Week 8- Technicity of Intimacy: On Robotic Partners

In all of my previous posts I have discussed other artists’ work using images. For this week, I shall discuss my own work using a found footage video I made for a different class this quarter. As discussed in our lecture, technicity is the deeply entangled relationship of technology, nature, and being human. My piece, Custom Girlfriends, uses found footage to explore the technicity of relationships and the basic human need for companionship. As you can see in my piece, using robots to fill the role of a partner is a well-covered theme in film, other youtube/vimeo productions, and even in reality.

The role of the romantic relationship has undergone serious transformation throughout the history of mankind. For a long time, romance was not even a factor in relationships because marriages were typically arranged strategically to be a marriage of resources. I recently listened to an episode of the On Being podcast by Krista Tippett titled “Love and Sex and Attachment” which addressed the current state of dating. This podcast discussed the fact that an agricultural society enforced traditional gender and community roles while industrial and capitalist societies dismantled them. While humans previously generally only looked for the quality of being able to provide, humans nowadays tend to seek a long list of emotional qualities in their partners as well because marriages are no longer simply about combining resources.

Throwing online dating into this mix further complicates the dating scene. People now have larger pools of partners to choose from affording them the chance to be more selective. There are many social media articles that lament how difficult it is to find meaningful relationships nowadays. There is even an entire notorious community of heterosexual men known as “Men Go Their Own Way” which has deemed the entire female gender incompatible for relationships.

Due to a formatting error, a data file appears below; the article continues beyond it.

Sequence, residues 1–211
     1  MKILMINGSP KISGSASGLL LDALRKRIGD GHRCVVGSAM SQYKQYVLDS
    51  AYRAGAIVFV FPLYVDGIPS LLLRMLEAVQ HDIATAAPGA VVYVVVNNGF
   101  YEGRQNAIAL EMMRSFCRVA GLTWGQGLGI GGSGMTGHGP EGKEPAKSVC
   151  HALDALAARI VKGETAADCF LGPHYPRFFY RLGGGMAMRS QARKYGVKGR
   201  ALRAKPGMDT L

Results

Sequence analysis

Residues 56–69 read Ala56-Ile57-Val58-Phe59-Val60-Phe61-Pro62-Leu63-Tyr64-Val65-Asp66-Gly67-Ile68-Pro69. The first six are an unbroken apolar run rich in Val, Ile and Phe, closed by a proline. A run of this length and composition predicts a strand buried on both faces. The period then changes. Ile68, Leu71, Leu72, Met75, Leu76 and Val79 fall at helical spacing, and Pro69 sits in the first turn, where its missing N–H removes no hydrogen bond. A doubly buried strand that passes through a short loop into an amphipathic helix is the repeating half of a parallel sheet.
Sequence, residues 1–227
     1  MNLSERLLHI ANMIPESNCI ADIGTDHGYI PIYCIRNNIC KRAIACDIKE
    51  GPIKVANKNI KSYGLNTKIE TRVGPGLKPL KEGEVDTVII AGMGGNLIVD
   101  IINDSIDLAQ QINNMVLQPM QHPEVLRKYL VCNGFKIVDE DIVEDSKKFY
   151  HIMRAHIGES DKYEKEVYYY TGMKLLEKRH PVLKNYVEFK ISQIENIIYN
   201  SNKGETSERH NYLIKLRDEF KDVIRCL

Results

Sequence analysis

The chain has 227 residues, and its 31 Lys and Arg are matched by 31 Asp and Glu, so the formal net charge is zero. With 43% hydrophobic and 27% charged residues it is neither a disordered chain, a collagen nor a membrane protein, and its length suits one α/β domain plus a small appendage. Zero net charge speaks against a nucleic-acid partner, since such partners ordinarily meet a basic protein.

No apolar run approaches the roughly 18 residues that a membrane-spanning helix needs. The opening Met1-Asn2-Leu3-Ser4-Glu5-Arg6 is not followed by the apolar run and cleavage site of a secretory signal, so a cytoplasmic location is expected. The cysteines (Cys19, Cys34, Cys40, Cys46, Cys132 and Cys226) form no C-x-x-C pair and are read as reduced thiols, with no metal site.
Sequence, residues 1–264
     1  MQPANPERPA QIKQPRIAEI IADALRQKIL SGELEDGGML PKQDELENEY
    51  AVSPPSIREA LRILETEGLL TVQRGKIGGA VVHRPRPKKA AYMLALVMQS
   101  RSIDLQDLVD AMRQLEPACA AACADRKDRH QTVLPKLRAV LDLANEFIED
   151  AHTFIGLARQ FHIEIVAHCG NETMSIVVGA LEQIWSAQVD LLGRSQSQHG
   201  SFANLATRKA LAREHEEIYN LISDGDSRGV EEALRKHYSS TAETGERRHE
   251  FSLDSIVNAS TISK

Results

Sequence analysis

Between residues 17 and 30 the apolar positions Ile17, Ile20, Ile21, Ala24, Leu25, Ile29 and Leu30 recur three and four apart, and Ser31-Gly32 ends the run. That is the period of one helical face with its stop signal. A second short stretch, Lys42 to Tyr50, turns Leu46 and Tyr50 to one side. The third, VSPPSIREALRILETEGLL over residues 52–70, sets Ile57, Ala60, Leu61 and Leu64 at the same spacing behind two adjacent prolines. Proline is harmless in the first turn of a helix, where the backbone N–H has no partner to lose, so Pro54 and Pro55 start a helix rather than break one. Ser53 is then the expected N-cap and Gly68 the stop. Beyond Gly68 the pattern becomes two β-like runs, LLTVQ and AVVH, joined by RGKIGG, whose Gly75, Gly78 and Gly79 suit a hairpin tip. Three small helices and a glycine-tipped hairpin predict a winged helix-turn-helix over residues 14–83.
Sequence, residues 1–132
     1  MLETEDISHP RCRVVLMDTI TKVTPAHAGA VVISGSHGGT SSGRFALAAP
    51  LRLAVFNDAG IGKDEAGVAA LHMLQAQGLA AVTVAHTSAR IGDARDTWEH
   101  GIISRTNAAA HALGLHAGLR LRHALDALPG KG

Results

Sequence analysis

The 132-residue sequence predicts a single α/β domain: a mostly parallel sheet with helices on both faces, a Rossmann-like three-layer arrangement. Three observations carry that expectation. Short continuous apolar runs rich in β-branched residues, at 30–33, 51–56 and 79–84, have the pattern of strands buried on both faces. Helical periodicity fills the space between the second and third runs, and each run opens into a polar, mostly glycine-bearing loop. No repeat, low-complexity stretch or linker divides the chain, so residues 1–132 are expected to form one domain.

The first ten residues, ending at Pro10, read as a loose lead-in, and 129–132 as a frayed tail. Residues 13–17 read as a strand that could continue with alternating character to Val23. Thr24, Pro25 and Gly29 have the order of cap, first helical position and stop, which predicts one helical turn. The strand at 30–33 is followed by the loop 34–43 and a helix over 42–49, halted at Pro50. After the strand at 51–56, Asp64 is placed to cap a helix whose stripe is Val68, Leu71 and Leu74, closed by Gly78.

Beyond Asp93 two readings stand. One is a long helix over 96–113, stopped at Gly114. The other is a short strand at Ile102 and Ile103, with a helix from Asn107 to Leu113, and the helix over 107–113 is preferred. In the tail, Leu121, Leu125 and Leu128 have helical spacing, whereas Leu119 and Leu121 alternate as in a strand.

This leads me to technicity. Online dating has clearly changed courtship, but what about the possibility of human-computer (or cyborg) relationships? How will we evolve if we can customize our partners to be the exact list of physical and emotional characteristics that we now seek? My found footage piece starts with the phenomenon of men uploading videos to youtube describing their “perfect woman”. I juxtaposed these desires with an employee discussing the customization options for Real Dolls. Real Dolls are not robots, but they are life-sized, anatomically correct silicone dolls that have been on the market for years and dozens of men have already fully transitioned to dating or marrying their dolls. There is even a feature-length film on this subject called Lars and the Real Girl starring Ryan Gosling. My project then covers an actual robot named Roxxxy True Companion which resembles a Real Doll, but comes equipped with sensors, speech, and even different modes ranging from “Frigid Farrah” to “Wild Wendy” mode. Roxxxy is not autonomous— she can not navigate space on her own, does not come equipped with computer vision, nor does she make her own decisions (which are all current challenges of designing A-life and autonomous robots as described in the Wilson text) but her current existence indicates that humans are pursuing relationships with robots. I anticipate the men of “Men Go Their Own Way” to be the early adopters once Roxxxy is fully ready for the market.

The entanglement of computing and robotics with relationships also impacts identity. The youtube stars who made videos about dating robotic women addressed the important subject of her/its ability to make sandwiches. The feature-length films Weird Science and Stepford Wives addressed the need for women to be curvaceous and subservient. Such messages can and do influence the female viewer to question her own identity. I would like to clearly state here that this theme is not limited to the female experience— there are male Real Dolls, videos of women describing their own perfect man, and social standards that men are pressured to live up to. However, for the purpose of my found footage project, there were significantly more male interpretations of what synthetic female companionship already does and will look like. Transitioning from a human-to-human romantic relationship dynamic to a human-to-robot one will be a very interesting field for those interested in studying the entanglement of technology, nature, and being human.

-Rebecca Fisher

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